1.) How does a Catholic elementary school serve students with Down syndrome? and 2). What are the challenges in serving students with Down syndrome in a Catholic elementary school? The significance of this case study lies in witnessing and documenting one elementary Catholic school’s experience of creating, developing, establishing, and modelling an inclusion environment that serves the needs of its students with Down syndrome. This study will ultimately provide data to those in similar Catholic school settings in developing and implementing fully inclusive environments. This study hopes to further the discussion in the field of Catholic education about the right(s) of all Catholic children, especially students with Down syndrome.
The Local-Executive Governance Model in Catholic Parochial Elementary Schools: Understanding Pastors’ Perspectives
Catholic parochial elementary schools in the United States are normally governed by the pastor of the local parish and under a local-executive governance model. Despite pastors’ paramount role in the governance of Catholic parochial elementary schools they often lack the training, interest, or time to fulfill their roles. This qualitative study explored pastors’ perspectives on the local-executive governance model, where governance of the school is local and the pastor is the sole executive of the school. This dissertation included interviews with nine pastors in a diocese on the west coast of the United States. The study explored how pastors’ view their roles at their parochial schools. The pastors were asked about their views on their spiritual, education, and managerial roles at their parochial schools. Findings indicated that pastors enjoyed their spiritual roles at their schools but chose to delegate many of their financial, human, and academic responsibilities to the school principal. The findings supported the need for Catholic schools to explore other options in school governance beyond the local-executive governance model and to shift more authority from pastors to qualified laypersons.
Understanding Catholic School Attrition: Catholic Elementary School Students' and Parents' Perceptions and Matriculation Decisions
This mixed methods study shed light on the issue of attrition within Catholic education and points to opportunities for leaders to improve the effectiveness of elementary and secondary schools as well as identify barriers impacting access to poor and vulnerable populations. The purpose was to: describe factors eighth-grade Catholic school students and their parents consider in choosing a high school; determine correlations between degree of satisfaction with Catholic elementary schools and perceptions of programs in Catholic high schools; and understand the extent students’ and parents’ identified attributes corresponded to their high school selection. Quantitative data was generated from surveys of a proportionally stratified sample of 610 eighth-grade students and parents from 25 Catholic elementary schools in Los Angeles County. Qualitative data was yielded from follow up interviews of nine parents whose graduating children were not matriculating to a Catholic high school. Statistically significant differences in the importance of factors were found between parent and student, among participant ethnicity, and among family income level. While expense was the primary reason for not attending a Catholic high school, it was most often in combination with at least one of several other reasons. Strong correlation between satisfaction of elementary school and perceptions of high school was prevalent among participants, particularly parents and those matriculating to private and public high schools. With attrition found to be highest among students of color, lower middle-income families, and girls, recommendations for school improvement practices and collaboration with diocesan, higher education, and foundation leaders are presented.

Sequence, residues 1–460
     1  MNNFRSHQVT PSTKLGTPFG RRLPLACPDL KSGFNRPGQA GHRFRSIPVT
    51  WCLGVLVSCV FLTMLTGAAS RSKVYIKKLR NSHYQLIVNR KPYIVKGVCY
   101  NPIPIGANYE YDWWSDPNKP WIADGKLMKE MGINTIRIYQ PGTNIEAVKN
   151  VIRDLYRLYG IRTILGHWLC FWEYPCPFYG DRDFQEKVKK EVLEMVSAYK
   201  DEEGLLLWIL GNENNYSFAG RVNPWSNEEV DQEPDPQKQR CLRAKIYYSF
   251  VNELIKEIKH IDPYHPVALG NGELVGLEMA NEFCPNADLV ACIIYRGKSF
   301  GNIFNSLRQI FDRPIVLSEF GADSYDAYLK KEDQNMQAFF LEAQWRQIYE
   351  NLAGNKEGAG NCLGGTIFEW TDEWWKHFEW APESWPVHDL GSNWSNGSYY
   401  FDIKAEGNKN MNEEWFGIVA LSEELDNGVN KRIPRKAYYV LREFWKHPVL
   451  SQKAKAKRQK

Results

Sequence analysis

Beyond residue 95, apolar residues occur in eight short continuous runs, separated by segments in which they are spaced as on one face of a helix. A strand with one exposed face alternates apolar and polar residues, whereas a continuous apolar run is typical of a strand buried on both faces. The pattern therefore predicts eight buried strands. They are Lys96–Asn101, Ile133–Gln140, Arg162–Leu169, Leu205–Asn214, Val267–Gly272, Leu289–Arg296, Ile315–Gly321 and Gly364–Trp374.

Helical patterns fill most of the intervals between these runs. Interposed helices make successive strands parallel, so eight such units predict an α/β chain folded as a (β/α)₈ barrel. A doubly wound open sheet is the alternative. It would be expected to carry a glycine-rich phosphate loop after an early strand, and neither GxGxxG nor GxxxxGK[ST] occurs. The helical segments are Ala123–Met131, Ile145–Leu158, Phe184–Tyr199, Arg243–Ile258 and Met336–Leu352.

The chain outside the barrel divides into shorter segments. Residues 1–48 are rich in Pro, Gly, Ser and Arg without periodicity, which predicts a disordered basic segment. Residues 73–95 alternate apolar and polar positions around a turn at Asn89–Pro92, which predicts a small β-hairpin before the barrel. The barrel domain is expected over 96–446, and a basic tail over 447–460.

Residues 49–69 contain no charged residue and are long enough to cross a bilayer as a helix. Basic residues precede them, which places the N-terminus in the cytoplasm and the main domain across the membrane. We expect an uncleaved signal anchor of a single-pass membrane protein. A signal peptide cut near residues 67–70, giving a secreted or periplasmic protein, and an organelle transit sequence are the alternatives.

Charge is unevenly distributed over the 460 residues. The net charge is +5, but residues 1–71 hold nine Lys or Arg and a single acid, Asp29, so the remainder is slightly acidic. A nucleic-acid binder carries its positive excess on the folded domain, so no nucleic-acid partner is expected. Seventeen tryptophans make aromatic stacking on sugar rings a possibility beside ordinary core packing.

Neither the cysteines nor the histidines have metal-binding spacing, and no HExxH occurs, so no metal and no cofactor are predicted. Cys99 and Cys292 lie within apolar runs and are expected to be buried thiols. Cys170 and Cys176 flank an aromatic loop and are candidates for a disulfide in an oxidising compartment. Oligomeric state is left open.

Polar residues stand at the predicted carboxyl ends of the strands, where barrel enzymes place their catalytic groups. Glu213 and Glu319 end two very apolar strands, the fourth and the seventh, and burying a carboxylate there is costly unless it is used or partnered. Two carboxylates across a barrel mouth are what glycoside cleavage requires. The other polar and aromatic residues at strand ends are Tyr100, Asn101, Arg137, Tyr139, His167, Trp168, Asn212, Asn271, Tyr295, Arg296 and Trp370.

As the student population in United States public schools continues to become more diverse with an increase of students of color and from low socioeconomic backgrounds, it is critical that the opportunity gaps in our education system are addressed to provide an equitable education for urban youth. To mitigate these gaps, there is a need for experienced urban teachers, but urban schools have higher teacher turnover rates and more novice teachers. There is also a need for more teachers of color, who demonstrate positive impacts on students of color. However, the retention rate amongst teachers of color is lower than that of white teachers. This phenomenological qualitative research study explored the personal and professional factors that sustain Latina veteran urban teachers in a predominantly Latino school district. Data was collected through a survey, instructional documents, and semi structured interviews to produce individual testimonios of each participant’s history as a Latina veteran urban teacher and a cross-case analysis of the six participants’ shared experiences. The findings demonstrated that Latina veteran urban teachers were sustained by a strong personal commitment to serving urban students, a dedication to continuous professional growth, and the support from their personal and professional networks. These findings can inform teacher preparation programs and school systems on how to prepare and sustain Latina teachers for long-term careers in urban education.